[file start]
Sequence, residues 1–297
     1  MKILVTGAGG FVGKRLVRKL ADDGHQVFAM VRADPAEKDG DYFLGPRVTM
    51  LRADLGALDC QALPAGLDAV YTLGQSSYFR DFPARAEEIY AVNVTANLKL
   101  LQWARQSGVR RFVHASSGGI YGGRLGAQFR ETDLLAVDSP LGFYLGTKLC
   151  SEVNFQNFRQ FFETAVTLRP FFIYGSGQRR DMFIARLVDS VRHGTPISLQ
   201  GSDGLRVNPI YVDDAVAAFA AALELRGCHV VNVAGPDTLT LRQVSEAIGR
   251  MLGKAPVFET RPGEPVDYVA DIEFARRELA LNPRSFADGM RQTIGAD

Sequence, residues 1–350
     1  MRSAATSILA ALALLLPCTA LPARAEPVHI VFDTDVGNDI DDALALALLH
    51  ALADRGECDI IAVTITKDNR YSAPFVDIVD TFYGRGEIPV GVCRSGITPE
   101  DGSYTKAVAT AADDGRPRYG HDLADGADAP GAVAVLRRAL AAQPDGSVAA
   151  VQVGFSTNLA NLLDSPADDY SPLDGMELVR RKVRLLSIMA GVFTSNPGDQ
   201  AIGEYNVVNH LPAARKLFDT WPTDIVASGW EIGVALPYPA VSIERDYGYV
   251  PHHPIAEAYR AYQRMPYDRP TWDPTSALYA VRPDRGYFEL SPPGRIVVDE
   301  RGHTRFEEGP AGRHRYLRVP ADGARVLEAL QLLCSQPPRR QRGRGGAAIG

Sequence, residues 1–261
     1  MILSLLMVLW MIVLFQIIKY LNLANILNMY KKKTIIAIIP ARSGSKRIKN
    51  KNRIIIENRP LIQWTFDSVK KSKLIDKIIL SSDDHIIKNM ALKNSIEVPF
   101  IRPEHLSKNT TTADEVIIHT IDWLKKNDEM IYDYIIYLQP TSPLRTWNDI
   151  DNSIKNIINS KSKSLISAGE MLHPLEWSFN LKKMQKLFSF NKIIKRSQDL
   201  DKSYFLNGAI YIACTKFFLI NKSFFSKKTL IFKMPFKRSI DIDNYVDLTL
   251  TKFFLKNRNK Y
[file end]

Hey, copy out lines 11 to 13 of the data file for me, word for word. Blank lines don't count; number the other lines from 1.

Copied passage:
   101  DGSYTKAVAT AADDGRPRYG HDLADGADAP GAVAVLRRAL AAQPDGSVAA
   151  VQVGFSTNLA NLLDSPADDY SPLDGMELVR RKVRLLSIMA GVFTSNPGDQ
   201  AIGEYNVVNH LPAARKLFDT WPTDIVASGW EIGVALPYPA VSIERDYGYV